17 Dec 2013
European Commissioner Neelie Kroes hails deal as of ‘vital economic importance’, but budget is half that originally proposed.
The European Commission (EC) and the Photonics 21 Association have signed a public-private partnership (PPP) that will see €3.5 billion funnelled into the near-market development of photonics technology as part of the Horizon 2020 innovation program.
Commissioner Neelie Kroes co-signed the agreement, first mooted back in early 2011, with Photonics21 vice presidents Bernd Schulte from deposition equipment provider Aixtron and Giorgio Anania, previously CEO of Bookham Technology and now heading the LED start-up Aledia.
The deal represents the culmination of nearly three years of negotiations between Europe’s photonics industry representatives and the Brussels bureaucracy. However, the end results sees only half of the hoped-for investment by the EC in the PPP budget.
Photonics21 stakeholders, who agreed in September 2011 to leverage any central funding for the PPP by a factor of four, had been aiming to negotiate a contribution of €1.4 billion from the EC.
That would have amounted to a €7 billion budget for the PPP overall, but with only €700 million now forthcoming from Brussels, the overall plan will be worth €3.5 billion.
The decision to halve the proposed PPP funding was taken in the midst of negotiations between the EC, the European Parliament and European Council that concluded last month with a new “multiannual financial framework” – or budget - agreement for the 2014-2020 period.
“Vital economic importance”
Ahead of the signing, in a video address recorded at last week’s meeting of the European Photonics Industry Consortium (EPIC), Kroes identified photonics as being of “vital economic importance” to Europe, and hailed the PPP agreement as a “crown jewel” within the wider Horizon 2020 innovation program.
She predicted that the PPP would lead to faster innovation processes and a faster time to market for photonics innovations developed in Europe. A wider range of funding instruments, including venture finance, would also be made possible, Kroes said, adding:
“It is a great opportunity that we can build on. We can create a vigorous European leadership that creates a better future for all.”
In a press statement, Photonics 21 executives Schulte and Anania welcomed the PPP as a “significant boost” for the sector and innovation in Europe overall. Anania acknowledged the wider funding squeeze, saying:
“Given the tighter fiscal belts in the EU’s overall budget, it is now all the more important that different EU funding streams are well-aligned, and that every euro is spent wisely.”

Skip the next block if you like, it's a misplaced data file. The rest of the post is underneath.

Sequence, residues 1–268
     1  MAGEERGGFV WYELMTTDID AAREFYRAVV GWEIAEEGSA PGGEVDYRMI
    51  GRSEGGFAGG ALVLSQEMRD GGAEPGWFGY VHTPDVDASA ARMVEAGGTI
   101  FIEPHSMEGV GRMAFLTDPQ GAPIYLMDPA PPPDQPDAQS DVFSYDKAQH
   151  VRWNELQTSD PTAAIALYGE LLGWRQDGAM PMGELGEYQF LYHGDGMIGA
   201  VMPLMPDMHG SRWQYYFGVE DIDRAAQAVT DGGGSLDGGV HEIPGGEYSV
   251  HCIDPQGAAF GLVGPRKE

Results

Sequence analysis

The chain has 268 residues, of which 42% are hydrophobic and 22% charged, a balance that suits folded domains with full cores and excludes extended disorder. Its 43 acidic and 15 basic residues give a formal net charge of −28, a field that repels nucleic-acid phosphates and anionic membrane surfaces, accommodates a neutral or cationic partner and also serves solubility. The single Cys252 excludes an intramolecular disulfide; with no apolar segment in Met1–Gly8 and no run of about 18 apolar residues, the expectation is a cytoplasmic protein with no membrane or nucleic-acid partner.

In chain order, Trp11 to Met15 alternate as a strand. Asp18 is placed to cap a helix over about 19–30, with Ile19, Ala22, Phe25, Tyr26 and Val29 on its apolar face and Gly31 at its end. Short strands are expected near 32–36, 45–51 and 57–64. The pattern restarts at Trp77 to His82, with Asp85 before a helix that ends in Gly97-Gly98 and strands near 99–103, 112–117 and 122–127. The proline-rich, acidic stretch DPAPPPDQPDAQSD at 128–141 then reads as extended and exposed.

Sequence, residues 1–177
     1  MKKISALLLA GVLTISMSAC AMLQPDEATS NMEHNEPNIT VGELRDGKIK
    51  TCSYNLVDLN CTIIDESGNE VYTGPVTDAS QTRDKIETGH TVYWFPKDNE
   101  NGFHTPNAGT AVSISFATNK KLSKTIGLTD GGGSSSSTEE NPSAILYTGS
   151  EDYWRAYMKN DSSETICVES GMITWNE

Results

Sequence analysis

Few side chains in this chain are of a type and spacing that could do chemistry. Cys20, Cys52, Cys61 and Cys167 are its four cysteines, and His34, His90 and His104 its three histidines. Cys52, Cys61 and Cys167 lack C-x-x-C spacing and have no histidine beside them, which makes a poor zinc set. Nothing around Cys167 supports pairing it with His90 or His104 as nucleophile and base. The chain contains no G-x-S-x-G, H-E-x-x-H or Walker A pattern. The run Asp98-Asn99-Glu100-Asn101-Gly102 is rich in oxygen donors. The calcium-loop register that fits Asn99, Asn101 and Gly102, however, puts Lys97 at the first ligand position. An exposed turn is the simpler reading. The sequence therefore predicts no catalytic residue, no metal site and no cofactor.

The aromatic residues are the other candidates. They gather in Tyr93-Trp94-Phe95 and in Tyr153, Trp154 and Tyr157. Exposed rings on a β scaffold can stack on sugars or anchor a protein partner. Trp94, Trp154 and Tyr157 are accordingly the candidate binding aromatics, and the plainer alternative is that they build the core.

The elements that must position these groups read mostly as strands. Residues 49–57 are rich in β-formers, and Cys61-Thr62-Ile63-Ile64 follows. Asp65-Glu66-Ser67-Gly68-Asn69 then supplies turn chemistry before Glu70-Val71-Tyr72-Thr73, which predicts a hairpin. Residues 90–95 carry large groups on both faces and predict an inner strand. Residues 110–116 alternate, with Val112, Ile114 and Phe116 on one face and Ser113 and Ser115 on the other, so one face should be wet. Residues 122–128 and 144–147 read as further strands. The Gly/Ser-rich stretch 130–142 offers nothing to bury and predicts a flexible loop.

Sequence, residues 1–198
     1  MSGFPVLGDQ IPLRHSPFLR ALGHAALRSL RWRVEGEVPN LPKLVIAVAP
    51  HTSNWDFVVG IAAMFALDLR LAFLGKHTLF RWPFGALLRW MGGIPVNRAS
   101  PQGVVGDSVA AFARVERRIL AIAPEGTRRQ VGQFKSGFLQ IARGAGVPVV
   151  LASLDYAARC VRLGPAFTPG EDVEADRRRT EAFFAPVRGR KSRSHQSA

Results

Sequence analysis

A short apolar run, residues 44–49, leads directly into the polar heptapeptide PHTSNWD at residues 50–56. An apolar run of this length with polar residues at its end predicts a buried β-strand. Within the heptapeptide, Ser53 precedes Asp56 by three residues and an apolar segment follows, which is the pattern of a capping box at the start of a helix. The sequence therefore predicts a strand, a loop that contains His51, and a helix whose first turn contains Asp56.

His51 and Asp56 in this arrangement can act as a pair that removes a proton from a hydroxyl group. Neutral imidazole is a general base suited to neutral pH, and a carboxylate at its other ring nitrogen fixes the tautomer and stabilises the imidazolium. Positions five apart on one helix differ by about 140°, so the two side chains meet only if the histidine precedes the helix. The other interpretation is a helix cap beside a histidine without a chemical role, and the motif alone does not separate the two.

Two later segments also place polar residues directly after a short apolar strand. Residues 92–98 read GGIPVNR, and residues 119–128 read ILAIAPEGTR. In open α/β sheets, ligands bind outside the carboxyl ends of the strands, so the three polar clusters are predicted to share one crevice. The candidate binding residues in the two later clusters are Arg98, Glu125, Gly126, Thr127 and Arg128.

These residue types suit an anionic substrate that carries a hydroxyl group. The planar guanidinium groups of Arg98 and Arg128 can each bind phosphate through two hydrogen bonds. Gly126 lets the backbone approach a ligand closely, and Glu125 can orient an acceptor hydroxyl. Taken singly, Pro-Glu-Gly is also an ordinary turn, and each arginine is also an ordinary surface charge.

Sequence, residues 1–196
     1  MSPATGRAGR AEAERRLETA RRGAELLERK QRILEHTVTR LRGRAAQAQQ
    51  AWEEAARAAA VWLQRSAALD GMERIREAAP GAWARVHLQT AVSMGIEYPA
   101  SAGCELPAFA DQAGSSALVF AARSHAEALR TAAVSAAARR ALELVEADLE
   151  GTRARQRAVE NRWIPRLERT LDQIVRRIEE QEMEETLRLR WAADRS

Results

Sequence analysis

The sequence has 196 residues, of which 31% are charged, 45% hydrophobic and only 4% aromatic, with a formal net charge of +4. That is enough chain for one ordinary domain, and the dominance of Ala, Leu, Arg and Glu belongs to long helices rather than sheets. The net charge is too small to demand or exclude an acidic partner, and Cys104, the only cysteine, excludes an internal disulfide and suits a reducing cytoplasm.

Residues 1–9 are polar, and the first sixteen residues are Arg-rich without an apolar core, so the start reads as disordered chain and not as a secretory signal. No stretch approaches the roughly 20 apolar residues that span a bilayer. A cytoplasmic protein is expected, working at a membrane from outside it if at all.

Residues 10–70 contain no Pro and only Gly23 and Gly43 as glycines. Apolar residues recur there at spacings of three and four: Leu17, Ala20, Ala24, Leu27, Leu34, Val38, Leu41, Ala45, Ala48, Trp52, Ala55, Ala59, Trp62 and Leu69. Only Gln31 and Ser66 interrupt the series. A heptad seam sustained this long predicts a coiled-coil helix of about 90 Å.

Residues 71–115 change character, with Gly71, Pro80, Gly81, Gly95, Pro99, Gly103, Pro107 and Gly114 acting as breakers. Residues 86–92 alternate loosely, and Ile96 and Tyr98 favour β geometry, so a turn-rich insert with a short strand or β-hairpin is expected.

“Smart specialization and smart spending, coupled with massive simplification and greater flexibility, will therefore be at the heart of the photonics PPP’s efforts to ensure the greatest impact possible on economic growth and job creation.”
Schulte said: “As a key enabling technology, photonics plays a pivotal role in the re-industrialization of Europe, and expanding the industry share of the European economy beyond the current 16 per cent by 2020.”
Preparations for signing the PPP have recently seen the Photonics 21 Association emerge as its official private-sector partner. According to Photonics 21, it will become fully operational in 2014 and set out to ensure close co-operation between the EU, industry and academia.
Commissioner Kroes on EC backing for photonics:
Exactly where the PPP funding will end up remains to be seen, but in the words of Kroes, the role of photonics is “very visible” in the first Horizon 2020 work programs that have just been published.
The first calls under the “industrial leadership” element of Horizon 2020 saw €47 million earmarked for photonics projects, including €28 million for biophotonic screening of diseases, and €8 million for open system architectures used in solid-state lighting.
The photonics PPP was not the only one being signed in Brussels on December 17. In fact, eight such agreements were formally agreed, on topics including green vehicles, robotics and high-performance computing.
Most of the other PPPs funded will rely to some degree on photonics – for example vision technologies for robots, high-speed optical connections in high-performance computing, and advanced laser-based production techniques to create the lightweight materials that are critical for green vehicles.
Another of the funded PPPs, dubbed “factories of the future” and with a budget of €1.15 billion, specifically mentions photonics and 3D printing among its research and development objectives.
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